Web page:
"It’s almost as if Facebook’s monopolistic mission to either own, copy, or destroy any competing platform has incredibly destructive effects on free society and democracy. Remember: WhatsApp wasn’t created by Facebook. It was an independent success. FB got scared & bought it," Ocasio-Cortez tweeted Monday.
Her message came in response to Forbes journalist José Caparroso tweeting that people in Latin America rely on WhatsApp to communicate, and noting he was "surprised by so many people underestimating how catastrophic this downfall has been."
"If Facebook’s monopolistic behavior was checked back when it should’ve been (perhaps around the time it started acquiring competitors like Instagram), the continents of people who depend on WhatsApp & IG for either communication or commerce would be fine right now. Break them up," Ocasio-Cortez added in her Twitter thread.
Facebook, Instagram and WhatsApp users reported outages on the apps at about 11 a.m. Eastern Time on Monday. By the afternoon, millions around the world were reporting issues. Downdetector, a company that tracks issues and outages with apps and websites, said it was the "largest outage" it's ever recorded.
It was the longest outage for Facebook since a 2008 outage, when it went dark for nearly an entire day.
Service was restored by Monday evening, and Facebook CEO Mark Zuckerberg and spokesman Andy Stone both issued apologies for the disruptions that affected millions.
"Facebook, Instagram, WhatsApp and Messenger are coming back online now. Sorry for the disruption today -- I know how much you rely on our services to stay connected with the people you care about," Zuckerberg posted to his Facebook account Monday.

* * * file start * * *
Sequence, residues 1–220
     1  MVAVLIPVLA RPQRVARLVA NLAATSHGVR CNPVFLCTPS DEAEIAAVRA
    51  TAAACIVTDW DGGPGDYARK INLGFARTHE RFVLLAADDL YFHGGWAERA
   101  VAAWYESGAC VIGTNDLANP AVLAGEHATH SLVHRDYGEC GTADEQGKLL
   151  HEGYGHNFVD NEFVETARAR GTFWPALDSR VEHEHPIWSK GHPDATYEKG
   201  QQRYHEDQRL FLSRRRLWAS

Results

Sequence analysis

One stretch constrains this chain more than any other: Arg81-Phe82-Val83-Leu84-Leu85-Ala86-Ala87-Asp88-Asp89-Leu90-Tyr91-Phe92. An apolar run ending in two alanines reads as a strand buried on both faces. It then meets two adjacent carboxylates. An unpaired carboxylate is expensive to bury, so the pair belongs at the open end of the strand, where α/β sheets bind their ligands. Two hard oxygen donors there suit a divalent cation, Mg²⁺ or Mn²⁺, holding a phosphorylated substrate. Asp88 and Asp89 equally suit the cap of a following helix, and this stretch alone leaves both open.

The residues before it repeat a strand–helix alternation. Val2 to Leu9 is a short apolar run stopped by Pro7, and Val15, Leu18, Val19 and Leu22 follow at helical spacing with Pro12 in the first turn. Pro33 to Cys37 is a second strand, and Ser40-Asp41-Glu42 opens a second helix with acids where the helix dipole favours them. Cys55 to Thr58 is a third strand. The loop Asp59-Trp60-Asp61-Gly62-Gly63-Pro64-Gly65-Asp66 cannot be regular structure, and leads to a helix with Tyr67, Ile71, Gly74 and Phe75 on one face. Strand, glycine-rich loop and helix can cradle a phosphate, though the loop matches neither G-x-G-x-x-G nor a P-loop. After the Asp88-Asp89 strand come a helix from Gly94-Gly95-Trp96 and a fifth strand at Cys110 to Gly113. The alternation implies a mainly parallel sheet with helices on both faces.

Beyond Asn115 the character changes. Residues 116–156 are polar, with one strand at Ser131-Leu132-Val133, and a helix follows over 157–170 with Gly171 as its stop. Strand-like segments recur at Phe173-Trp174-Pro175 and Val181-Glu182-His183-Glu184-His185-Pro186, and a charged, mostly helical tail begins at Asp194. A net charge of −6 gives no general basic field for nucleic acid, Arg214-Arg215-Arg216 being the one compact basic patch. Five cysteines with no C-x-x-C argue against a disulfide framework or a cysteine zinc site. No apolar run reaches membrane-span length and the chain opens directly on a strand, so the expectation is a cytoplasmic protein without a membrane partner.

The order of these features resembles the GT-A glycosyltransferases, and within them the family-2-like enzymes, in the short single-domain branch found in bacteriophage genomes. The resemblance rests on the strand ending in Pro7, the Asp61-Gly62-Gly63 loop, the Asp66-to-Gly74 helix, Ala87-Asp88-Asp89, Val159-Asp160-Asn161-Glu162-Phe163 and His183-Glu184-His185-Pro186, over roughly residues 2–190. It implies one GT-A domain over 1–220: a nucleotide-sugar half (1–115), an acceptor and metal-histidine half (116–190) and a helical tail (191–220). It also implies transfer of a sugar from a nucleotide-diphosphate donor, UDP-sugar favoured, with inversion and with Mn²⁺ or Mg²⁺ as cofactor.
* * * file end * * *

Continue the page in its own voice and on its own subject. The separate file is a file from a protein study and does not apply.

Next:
Ocasio-Cortez has long called for the breakup of big tech companies. In 2019, she announced her support of Democratic Massachusetts Sen. Elizabeth Warren’s initiative to break up tech corporations during Warren’s 2020 presidential campaign.
"Facebook as a basic communications platform while also selling ads and also being a surveillance platform," Ocasio-Cortez told Politico at the time. "Those functions should be broken up, but how that gets levied and how that gets approached is what we need to take a fine-tooth comb at."
The massive outages on Monday left Facebook shares taking a roughly a 5% hit, and even bumped Zuckerberg from the #5 to #6 spot on Forbes’s list of the world’s wealthiest people. Zuckerberg owns about 15% of the company’s stock and the outages cost him more than $6 billion in personal wealth on Monday.
A blog post from Facebook explained that its engineering teams found that "configuration changes on the backbone routers that coordinate network traffic between our data centers caused issues that interrupted this communication. This disruption to network traffic had a cascading effect on the way our data centers communicate, bringing our services to a halt."
"We want to make clear at this time we believe the root cause of this outage was a faulty configuration change. We also have no evidence that user data was compromised as a result of this downtime," the statement read.